First Person is a series of interviews with the first authors of a selection of papers published in Journal of Cell Science, helping early-career researchers promote themselves alongside their papers. Rachel Furlong is first author on ‘The Parkinson's disease gene PINK1 activates Akt via PINK1 kinase-dependent regulation of the phospholipid PI(3,4,5)P3’, published in JCS. Rachel is a PhD student in the labs of Prof. Cora O'Neill and Prof. Aideen Sullivan at University College Cork, Ireland, investigating why neurons die in neurodegenerative disease and potential methods to prevent this.
How would you explain the main findings of your paper in lay terms?
Parkinson's disease affects over 10 million people worldwide. It is the second most common neurodegenerative disorder and its incidence is rising every year. At present, the treatment of Parkinson's is focused on the management of symptoms rather than prevention of disease. Current knowledge indicates that loss of PINK1 function causes Parkinson's, indicating that normal functional PINK1 is protective against this disease. Our investigation of PINK1 function allowed us to identify novel targets involved in major cell survival systems that are regulated by PINK1. This has increased our understanding of how PINK1 could protect against Parkinson's and identified potential novel therapeutic avenues.
Were there any specific challenges associated with this project? If so, how did you overcome them?
At the start of my PhD, there was only a Master's student working in my lab, and myself. As a result, I came across a number of methodologies that I needed to learn that no one in the lab was doing, which was daunting at first. However, I found that by communicating with other labs within our department and School there was always someone willing to help who had some experience with a similar protocol. In order to prevent this from happening to future PhD students, I set up monthly ‘Speak and Support’ meetings for all postgraduates in our School in which everyone could discuss current issues that they needed help with.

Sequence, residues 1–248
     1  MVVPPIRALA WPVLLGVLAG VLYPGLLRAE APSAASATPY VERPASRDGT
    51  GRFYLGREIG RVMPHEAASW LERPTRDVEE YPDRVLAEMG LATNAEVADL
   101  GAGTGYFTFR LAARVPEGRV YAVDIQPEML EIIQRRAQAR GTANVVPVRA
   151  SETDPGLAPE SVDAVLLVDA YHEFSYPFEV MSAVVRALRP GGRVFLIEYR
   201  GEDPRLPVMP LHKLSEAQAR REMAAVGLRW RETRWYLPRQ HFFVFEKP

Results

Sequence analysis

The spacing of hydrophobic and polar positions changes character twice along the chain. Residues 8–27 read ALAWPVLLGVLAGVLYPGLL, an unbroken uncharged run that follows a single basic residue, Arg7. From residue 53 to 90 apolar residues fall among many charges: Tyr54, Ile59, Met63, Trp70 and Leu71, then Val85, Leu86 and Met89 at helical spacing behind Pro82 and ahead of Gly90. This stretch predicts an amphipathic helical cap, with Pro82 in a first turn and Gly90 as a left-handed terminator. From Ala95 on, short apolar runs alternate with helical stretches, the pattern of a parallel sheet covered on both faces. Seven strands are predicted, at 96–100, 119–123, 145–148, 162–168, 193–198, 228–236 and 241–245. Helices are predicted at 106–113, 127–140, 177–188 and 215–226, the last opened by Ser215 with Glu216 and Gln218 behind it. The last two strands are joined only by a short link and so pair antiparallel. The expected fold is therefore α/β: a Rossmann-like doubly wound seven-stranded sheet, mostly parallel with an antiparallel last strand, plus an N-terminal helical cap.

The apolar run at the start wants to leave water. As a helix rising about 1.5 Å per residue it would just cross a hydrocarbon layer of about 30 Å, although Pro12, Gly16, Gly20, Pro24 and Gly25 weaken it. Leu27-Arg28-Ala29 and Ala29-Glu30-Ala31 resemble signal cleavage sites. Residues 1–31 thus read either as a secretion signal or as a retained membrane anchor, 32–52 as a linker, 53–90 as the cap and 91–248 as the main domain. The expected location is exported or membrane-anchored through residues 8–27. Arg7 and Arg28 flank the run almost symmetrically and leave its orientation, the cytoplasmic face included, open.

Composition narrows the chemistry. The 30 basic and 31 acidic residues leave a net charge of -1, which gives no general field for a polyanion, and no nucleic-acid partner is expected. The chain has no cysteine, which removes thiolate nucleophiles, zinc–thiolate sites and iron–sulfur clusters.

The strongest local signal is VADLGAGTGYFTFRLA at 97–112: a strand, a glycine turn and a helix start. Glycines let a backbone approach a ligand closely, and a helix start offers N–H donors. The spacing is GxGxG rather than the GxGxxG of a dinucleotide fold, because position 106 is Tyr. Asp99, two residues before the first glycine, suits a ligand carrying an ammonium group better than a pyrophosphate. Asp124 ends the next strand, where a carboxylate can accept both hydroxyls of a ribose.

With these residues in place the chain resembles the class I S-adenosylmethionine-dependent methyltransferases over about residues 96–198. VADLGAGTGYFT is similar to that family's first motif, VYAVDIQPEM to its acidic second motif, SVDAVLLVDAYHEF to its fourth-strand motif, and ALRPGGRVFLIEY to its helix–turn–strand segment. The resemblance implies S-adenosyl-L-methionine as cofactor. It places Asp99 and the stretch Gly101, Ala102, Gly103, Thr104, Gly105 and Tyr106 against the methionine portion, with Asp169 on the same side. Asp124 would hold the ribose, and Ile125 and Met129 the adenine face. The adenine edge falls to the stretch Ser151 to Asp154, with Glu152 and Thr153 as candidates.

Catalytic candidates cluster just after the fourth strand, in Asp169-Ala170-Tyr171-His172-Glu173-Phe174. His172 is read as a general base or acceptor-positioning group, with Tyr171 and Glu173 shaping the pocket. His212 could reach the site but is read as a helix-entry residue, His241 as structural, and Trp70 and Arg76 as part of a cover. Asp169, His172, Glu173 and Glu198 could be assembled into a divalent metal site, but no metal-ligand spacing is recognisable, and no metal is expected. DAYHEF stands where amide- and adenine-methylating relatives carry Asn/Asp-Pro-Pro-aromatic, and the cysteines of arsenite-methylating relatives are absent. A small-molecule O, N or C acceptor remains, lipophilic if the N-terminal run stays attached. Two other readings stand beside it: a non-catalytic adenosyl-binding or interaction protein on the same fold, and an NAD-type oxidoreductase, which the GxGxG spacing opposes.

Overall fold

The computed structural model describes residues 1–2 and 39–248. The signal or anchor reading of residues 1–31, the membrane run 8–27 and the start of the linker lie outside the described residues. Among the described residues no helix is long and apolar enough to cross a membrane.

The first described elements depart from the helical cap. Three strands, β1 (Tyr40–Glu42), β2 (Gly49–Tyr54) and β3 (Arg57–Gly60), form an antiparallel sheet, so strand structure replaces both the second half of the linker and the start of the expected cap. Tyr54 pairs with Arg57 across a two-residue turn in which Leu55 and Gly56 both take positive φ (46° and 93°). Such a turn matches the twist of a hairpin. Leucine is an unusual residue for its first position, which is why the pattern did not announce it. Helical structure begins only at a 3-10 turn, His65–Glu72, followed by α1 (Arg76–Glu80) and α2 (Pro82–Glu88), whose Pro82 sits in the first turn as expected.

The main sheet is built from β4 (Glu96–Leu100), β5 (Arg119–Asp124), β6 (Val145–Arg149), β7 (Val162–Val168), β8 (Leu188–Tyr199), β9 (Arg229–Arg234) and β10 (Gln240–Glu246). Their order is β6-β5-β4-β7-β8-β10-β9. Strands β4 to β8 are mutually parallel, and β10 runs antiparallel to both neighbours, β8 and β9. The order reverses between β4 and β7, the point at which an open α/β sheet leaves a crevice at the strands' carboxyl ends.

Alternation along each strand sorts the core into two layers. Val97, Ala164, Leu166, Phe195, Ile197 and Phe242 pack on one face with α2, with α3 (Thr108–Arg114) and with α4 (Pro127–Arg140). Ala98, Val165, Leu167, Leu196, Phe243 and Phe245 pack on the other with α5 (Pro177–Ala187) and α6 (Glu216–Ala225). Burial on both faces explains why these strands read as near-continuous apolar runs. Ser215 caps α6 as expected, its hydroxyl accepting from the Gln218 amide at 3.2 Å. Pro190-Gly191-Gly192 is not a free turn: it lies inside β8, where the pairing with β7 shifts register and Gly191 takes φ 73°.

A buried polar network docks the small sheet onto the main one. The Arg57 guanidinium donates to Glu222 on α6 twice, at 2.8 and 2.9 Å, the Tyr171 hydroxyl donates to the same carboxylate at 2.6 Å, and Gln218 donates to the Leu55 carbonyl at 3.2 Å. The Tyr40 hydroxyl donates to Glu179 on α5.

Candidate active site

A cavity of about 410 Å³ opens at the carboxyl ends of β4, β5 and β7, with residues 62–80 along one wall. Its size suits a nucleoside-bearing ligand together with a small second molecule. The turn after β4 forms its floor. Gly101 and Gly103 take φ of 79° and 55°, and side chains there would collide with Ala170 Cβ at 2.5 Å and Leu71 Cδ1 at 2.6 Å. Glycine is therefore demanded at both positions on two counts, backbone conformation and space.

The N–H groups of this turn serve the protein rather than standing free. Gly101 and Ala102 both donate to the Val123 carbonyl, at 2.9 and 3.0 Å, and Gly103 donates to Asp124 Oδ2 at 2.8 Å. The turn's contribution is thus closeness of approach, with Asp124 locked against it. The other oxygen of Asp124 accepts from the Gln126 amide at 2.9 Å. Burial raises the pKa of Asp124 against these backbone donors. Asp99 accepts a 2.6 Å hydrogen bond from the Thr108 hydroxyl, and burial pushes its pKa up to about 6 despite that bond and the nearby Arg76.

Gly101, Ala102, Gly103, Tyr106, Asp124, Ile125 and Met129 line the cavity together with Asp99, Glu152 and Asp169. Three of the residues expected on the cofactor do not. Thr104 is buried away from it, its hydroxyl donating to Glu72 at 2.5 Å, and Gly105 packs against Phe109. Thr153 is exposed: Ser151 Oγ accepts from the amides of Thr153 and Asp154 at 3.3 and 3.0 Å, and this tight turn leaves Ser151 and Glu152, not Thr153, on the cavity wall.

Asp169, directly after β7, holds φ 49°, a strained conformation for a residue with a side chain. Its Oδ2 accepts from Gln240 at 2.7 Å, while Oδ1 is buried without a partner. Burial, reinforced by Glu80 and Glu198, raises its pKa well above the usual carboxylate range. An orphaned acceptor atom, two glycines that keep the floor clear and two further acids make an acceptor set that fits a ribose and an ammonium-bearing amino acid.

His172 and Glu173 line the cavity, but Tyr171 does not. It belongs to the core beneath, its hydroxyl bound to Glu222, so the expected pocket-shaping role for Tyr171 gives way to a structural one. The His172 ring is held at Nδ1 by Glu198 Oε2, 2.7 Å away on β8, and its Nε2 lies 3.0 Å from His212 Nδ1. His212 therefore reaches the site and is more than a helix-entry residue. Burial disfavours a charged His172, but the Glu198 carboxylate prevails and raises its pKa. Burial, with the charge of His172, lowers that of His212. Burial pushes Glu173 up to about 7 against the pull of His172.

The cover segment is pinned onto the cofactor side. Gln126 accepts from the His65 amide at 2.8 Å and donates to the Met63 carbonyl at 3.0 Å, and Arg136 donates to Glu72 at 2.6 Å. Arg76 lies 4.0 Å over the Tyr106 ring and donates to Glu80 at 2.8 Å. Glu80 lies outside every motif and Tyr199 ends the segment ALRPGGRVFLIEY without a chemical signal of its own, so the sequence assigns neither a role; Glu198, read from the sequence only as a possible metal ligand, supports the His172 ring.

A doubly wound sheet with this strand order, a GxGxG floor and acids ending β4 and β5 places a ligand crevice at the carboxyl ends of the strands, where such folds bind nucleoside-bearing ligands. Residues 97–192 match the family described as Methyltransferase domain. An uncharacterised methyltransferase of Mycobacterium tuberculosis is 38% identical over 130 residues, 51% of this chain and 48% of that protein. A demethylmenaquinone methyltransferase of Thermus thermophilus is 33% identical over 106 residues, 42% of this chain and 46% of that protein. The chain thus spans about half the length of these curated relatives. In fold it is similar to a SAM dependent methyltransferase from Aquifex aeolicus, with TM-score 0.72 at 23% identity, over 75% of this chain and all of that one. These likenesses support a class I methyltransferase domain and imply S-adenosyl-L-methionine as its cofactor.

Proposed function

Have you had any significant mentors who have helped you beyond supervision in the lab? How was their guidance special?
I have been very lucky to have two amazing supervisors during my PhD who have really taught me so much about what it is to be a successful woman in STEM. Their guidance and encouragement have been crucial to completing my PhD. Their door was always open to offer support no matter what concern I had, big or small. I have no doubt I will be coming back to them for advice in the future.
What motivated you to pursue a career in science, and what have been the most interesting moments on the path that led you to where you are now?
I decided to pursue a career in biology because the idea of learning how our body works and what goes wrong in disease always fascinated me as a child and teenager. Through my PhD research focused on Parkinson's disease, I have definitely been able to pursue this to a new and exciting level. However, what I have enjoyed most about my research experience has been the moments you get to see why we do this research. I have taken part in numerous outreach events organized by the Cork NeuroScience Center including ‘Brain Connections’ and ‘Braintalk’. These meetings aimed to bring the neurodegenerative community together by engaging with affected individuals and their families as well as clinicians and researchers nationwide. Meeting individuals with Parkinson's and Alzheimer's diseases really affirmed for me why I intend to continue striving to contribute to finding a disease-modifying therapy for these diseases.
[…input (in effort) does not always match output, and that can be frustrating.]
What advice would you give to other graduate students starting their PhD?
The best advice I was given during my PhD experience was to always remember ‘you are not your PhD’. Sometimes you can go through periods of little success with experiments even though you are putting in 110% effort; input does not always match output, and that can be frustrating. But I tried to remember that a PhD is about training as well as generating results, and you can always learn from negative results; they ultimately make you a better scientist!
Tell us something interesting about yourself that wouldn't be on your CV.
I spend most of my free time playing various sports, including basketball and tag rugby, and I have completed two half marathons!
Rachel Furlong's contact details: School of Biochemistry and Cell Biology, University College Cork, Cork City T12 YT20, Ireland.